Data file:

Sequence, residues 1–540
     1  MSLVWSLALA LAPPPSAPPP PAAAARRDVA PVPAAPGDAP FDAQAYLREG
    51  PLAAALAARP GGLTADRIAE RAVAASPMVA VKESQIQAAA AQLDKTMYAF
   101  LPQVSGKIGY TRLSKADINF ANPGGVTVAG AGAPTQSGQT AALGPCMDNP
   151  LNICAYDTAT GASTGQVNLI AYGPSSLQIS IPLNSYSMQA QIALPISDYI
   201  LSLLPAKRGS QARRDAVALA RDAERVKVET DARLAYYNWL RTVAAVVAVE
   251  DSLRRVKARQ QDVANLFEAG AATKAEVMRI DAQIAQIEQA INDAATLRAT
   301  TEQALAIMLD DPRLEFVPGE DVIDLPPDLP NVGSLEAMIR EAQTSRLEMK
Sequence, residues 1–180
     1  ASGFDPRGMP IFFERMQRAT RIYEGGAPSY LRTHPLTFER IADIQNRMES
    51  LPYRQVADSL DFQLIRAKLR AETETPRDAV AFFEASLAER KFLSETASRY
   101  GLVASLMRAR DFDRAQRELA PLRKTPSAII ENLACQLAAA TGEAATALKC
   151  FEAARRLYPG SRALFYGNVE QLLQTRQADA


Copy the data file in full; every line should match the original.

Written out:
Sequence, residues 1–540
     1  MSLVWSLALA LAPPPSAPPP PAAAARRDVA PVPAAPGDAP FDAQAYLREG
    51  PLAAALAARP GGLTADRIAE RAVAASPMVA VKESQIQAAA AQLDKTMYAF
   101  LPQVSGKIGY TRLSKADINF ANPGGVTVAG AGAPTQSGQT AALGPCMDNP
   151  LNICAYDTAT GASTGQVNLI AYGPSSLQIS IPLNSYSMQA QIALPISDYI
   201  LSLLPAKRGS QARRDAVALA RDAERVKVET DARLAYYNWL RTVAAVVAVE
   251  DSLRRVKARQ QDVANLFEAG AATKAEVMRI DAQIAQIEQA INDAATLRAT
   301  TEQALAIMLD DPRLEFVPGE DVIDLPPDLP NVGSLEAMIR EAQTSRLEMK
Sequence, residues 1–180
     1  ASGFDPRGMP IFFERMQRAT RIYEGGAPSY LRTHPLTFER IADIQNRMES
    51  LPYRQVADSL DFQLIRAKLR AETETPRDAV AFFEASLAER KFLSETASRY
   101  GLVASLMRAR DFDRAQRELA PLRKTPSAII ENLACQLAAA TGEAATALKC
   151  FEAARRLYPG SRALFYGNVE QLLQTRQADA